O’Hara draws on recent historical examples to argue that Britain would lose access to the single market, and to the benefits it bestows, if she were to leave the EU.  He also suggests that other benefits Britain receives from membership will be stripped from her, and that EU countries will, as past precedent indicates, be disinclined to support her.  

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7th April 2016. Martial Stubb. ‘What is Europe? A Medievalists Reflections on European Identity and the Referendum.’ http://www.historymatters.group.shef.ac.uk/europe-medievalists-reflections-european-identity-referendum/

Here Stubb draws on medieval history to track the development of a European identity, and asks British citizens to consider the cultural implications of their vote in the referendum. 

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15th April 2016.  Timothy Garton Ash. ‘England can be true to itself, if liberals reclaim patriotism.’ https://www.theguardian.com/commentisfree/2016/apr/15/england-liberals-patriotism-nationalism-flag-st-george-right

Garton Ash argues that a sense of English, rather than just British, identity is on the up – and claims that it can either take a ‘conservative’ form, or ‘a liberal, progressive, open’ form.  He asks citizens to draw upon figures in English history such as John Stuart Mill, Clement Atlee and George Orwell to furnish the latter form of English patriotism.

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17th April 2016.  Dan Snow. ‘History teaches us we CAN’T stand aside from Europe…’ http://www.dailymail.co.uk/debate/article-3543962/history-teaches-T-stand-aside-Europe-Wellington-Churchill-yes-Lady-Thatcher-confirm.html

Dan Snow argues that Britain is historically ‘entwined’ with Europe through language, religion and politics.  The gist of the article is to suggest that Britain has always needed influence in Europe, as she is unavoidably involved in events across the channel.  Although the EU is not a perfect system, it provides us with the influence we need to shape the future both of Britain and the rest of the world.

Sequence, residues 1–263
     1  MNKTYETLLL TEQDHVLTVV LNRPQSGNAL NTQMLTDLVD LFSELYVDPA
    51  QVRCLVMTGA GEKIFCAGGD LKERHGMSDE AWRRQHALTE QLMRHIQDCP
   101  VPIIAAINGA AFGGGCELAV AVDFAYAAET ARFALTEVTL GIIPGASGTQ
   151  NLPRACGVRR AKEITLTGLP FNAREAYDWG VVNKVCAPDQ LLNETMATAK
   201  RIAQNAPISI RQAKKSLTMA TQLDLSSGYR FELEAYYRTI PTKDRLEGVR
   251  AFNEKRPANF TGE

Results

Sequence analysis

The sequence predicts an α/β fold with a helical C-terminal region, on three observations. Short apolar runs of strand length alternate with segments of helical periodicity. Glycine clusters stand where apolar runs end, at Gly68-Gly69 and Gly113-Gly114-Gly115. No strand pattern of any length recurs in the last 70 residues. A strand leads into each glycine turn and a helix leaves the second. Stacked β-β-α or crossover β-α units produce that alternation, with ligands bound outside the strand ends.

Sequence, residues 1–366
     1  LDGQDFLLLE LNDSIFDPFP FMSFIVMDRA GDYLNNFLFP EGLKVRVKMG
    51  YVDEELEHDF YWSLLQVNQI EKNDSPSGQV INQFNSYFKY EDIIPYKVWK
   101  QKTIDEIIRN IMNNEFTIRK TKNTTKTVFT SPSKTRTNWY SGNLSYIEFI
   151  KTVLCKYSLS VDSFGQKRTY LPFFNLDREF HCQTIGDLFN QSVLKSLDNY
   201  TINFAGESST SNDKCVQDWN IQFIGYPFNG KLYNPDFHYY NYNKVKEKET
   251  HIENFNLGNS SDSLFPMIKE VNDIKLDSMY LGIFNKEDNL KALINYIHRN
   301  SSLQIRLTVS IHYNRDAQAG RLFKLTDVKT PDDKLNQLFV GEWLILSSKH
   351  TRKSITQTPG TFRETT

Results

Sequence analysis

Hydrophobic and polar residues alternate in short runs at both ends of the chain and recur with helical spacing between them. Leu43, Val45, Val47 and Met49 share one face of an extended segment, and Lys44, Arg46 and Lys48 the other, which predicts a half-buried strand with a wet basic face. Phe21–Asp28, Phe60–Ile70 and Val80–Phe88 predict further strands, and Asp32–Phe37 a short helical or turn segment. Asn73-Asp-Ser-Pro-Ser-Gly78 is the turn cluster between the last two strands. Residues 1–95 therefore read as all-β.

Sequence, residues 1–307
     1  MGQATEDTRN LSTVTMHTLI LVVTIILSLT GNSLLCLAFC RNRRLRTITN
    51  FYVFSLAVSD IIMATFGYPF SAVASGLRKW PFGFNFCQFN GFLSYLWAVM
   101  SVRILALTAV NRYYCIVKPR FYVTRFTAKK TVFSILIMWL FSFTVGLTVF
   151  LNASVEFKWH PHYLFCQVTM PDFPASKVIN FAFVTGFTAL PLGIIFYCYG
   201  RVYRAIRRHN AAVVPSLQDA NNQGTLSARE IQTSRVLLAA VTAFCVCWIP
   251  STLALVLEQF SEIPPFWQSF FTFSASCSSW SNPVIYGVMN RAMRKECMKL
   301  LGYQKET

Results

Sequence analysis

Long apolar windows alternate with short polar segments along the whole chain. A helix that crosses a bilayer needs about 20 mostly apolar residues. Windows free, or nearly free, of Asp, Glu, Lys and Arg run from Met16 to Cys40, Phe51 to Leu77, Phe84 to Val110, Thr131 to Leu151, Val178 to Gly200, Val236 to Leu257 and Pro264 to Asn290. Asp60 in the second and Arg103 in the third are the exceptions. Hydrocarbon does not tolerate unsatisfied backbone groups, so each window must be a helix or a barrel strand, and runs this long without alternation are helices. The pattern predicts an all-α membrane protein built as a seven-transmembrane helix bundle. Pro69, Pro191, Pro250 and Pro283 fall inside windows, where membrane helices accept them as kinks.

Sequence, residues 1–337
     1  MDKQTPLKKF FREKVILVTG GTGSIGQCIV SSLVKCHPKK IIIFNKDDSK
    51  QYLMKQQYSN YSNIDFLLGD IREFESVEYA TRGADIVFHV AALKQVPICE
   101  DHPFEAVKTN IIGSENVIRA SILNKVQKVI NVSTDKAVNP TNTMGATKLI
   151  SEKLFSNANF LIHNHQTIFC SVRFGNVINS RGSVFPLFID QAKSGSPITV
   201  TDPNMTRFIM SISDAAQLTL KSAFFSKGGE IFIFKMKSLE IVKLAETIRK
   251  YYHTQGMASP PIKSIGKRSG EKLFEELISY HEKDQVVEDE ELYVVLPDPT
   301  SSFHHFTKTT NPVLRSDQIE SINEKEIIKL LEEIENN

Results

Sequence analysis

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28th April 2016.  Timothy Garton Ash. ‘How the west was lost – and why we need it back’ https://www.theguardian.com/commentisfree/2016/apr/28/how-west-was-lost-why-we-need-it-back

Historian Timothy Garton Ash claims that ‘the west’ as a concept is no longer seen to be worthy of protection by the British – having collapsed with the lack of a common enemy (Nazi Germany, the Soviet Union) to unify it.  He claims that Farage, Trump and Le Pen wish to see the dissolution of the west, and that Britons should not ‘give up’ on it.

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13th May 2016.  Gideon Rachman. ‘Rival historians trade blows over Brexit’ https://next.ft.com/content/86c8faa8-1696-11e6-9d98-00386a18e39d

Rachman examines the debate surrounding HfB’s justifications for leaving the EU, first dividing the arguments into two camps (anti-EU and pro-EU), and then discussing the possibility of a middle-road between the two.  Rachman navigates the debate with the help of three Cambridge historians, all holding markedly differing views, and concludes by weighting these views to inform his own. 

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14th May 2016.  The Economist. ‘Historians and Brexit.’ http://www.economist.com/news/books-and-arts/21698635-and-against-britain-leaving-europe-historians-and-brexit